N.C. House Legislative Update: Wednesday, February 3, 2021

House Committee Reviews Relief for Schools, Vaccines, Broadband, Low-Income Families and Rental Assistance

School Reopening Requires Action to Let Districts Decide When to Return All Grades Full-Time

Relief for N.C. Bar Owners Hammered by Economic Restrictions Approved by ABC Committee in N.C. House

The North Carolina legislature is delivering funds to its communities as soon as possible this session.
  • Extension of $335 Extra Credit Grants will reach more families who did not earn enough money to file a state tax return.
  • Schools can reopen safely with an additional $1.6 billion in federal funding from S.B. 36 – in addition to Republicans’ historic commitment to “hold harmless” state funding regardless of enrollment reductions.
  • Emergency rent relief includes over $546 million in eligible funds and another $155 million for local governments over 200,000 people.
  • Nearly $95 million will help county health departments, hospitals, and providers support vaccine distribution across North Carolina.
  • Rural broadband funds are secured to increase economic and education connectivity through the legislature’s successful GREAT grant program.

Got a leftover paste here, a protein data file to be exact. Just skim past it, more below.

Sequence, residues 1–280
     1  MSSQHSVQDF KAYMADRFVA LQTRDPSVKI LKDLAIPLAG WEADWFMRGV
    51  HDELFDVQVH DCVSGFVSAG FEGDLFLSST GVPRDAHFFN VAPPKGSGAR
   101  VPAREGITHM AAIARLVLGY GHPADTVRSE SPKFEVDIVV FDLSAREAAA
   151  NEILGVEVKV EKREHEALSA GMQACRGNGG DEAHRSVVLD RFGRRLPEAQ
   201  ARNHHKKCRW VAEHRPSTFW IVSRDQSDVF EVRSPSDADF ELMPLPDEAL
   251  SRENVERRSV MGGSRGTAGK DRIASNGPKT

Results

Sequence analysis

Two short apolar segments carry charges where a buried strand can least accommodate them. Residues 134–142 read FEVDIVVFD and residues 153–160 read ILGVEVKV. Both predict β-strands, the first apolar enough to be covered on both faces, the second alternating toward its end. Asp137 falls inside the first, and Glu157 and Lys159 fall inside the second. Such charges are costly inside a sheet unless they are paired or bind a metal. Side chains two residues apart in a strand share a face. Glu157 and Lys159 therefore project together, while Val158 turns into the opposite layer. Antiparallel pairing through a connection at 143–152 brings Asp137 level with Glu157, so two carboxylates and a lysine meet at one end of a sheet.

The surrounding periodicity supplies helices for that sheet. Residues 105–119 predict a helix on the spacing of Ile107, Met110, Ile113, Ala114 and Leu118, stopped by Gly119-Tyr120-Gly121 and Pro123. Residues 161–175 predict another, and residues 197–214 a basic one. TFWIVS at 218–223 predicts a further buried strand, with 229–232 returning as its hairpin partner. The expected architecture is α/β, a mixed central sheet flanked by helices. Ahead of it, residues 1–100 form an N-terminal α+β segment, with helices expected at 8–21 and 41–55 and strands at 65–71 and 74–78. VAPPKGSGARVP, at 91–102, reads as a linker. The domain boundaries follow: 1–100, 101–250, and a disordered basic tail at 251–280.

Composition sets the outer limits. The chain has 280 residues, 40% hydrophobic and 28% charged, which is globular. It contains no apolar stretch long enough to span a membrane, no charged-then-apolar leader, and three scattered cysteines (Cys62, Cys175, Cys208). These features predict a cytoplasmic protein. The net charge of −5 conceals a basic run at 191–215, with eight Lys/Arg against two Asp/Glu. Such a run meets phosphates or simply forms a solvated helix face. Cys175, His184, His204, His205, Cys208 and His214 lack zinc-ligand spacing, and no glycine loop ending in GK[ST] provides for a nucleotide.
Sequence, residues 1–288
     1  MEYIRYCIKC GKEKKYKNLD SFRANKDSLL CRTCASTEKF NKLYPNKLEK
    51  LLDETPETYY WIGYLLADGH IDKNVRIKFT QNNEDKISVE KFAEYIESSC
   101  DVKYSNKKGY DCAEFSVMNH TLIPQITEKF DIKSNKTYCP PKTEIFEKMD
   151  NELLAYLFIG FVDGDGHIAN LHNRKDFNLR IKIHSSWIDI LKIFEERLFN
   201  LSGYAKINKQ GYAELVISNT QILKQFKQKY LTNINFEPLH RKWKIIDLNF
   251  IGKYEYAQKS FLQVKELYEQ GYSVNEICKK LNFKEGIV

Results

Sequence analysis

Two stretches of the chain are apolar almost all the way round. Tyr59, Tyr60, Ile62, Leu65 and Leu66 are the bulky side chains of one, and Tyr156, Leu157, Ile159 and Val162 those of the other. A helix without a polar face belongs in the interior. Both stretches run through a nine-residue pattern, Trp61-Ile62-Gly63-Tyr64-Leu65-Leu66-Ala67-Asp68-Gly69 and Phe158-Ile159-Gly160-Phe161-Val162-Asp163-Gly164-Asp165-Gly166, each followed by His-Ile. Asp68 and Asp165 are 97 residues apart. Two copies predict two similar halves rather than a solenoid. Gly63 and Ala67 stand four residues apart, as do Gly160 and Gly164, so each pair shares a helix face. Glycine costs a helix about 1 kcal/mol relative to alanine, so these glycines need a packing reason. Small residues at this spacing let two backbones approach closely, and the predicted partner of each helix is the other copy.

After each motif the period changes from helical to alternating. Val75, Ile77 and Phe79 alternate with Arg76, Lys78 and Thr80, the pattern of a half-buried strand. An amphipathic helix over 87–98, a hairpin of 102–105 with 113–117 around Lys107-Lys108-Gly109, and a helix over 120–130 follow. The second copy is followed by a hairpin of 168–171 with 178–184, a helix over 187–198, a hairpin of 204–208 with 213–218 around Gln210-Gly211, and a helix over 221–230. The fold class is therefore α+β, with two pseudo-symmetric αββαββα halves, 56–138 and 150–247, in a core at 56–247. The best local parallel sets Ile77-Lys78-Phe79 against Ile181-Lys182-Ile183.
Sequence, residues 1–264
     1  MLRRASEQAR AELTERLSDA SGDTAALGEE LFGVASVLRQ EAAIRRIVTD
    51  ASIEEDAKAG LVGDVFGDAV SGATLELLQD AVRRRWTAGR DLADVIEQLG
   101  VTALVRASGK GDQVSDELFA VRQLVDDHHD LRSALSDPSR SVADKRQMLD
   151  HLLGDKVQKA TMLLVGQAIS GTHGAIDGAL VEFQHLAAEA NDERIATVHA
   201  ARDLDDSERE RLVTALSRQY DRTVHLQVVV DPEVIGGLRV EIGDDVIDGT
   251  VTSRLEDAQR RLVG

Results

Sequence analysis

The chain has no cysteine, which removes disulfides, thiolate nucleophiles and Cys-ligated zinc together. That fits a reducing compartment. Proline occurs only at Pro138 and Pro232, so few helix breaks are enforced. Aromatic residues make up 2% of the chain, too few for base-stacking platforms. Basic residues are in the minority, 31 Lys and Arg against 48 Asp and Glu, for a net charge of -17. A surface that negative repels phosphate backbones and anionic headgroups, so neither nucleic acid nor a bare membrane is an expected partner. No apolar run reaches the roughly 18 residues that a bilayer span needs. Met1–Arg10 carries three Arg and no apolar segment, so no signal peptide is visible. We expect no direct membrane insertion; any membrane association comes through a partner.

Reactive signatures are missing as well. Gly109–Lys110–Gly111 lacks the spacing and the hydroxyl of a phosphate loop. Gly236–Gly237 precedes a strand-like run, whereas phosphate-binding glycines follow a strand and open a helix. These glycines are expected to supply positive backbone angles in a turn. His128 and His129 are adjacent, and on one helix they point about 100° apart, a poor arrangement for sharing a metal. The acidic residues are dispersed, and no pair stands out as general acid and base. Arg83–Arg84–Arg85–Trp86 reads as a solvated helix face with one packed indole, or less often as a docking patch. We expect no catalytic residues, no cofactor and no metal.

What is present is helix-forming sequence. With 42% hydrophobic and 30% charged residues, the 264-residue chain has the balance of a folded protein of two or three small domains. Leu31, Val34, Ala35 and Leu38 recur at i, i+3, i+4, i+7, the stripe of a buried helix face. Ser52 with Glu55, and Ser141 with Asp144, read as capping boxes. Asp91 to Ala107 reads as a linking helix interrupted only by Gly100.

Speaker Moore urged again Tuesday to allow districts to safely reopen in-person learning full-time for all grades – action needed.
  • The Governor’s current executive orders do not allow middle and high schools to return for full-time in-person instruction. Urging schools to reopen further does nothing for many schools without that option.
  • Speaker Moore said this week that action is needed to safely reopen North Carolina school and “the learning loss must end now.”
  • Strong sources of state and federal fund are available for schools through relief bills and the legislature’s “hold harmless” budget promise.
House Bill 4 extends ABC permit waivers for businesses hurt by harsh economic restrictions passed by House committee.
  • Bar owners have been disproportionately harmed by unbalanced emergency restrictions that kept them closed while others operated.
  • Businesses should not have to pay permit fees to governments agencies that are prohibiting their normal operations for nearly a year.
  • The state House has tried to help these businesses by giving bars more flexibility and including Council of State input on emergency restrictions, but the bills were vetoed by the Governor.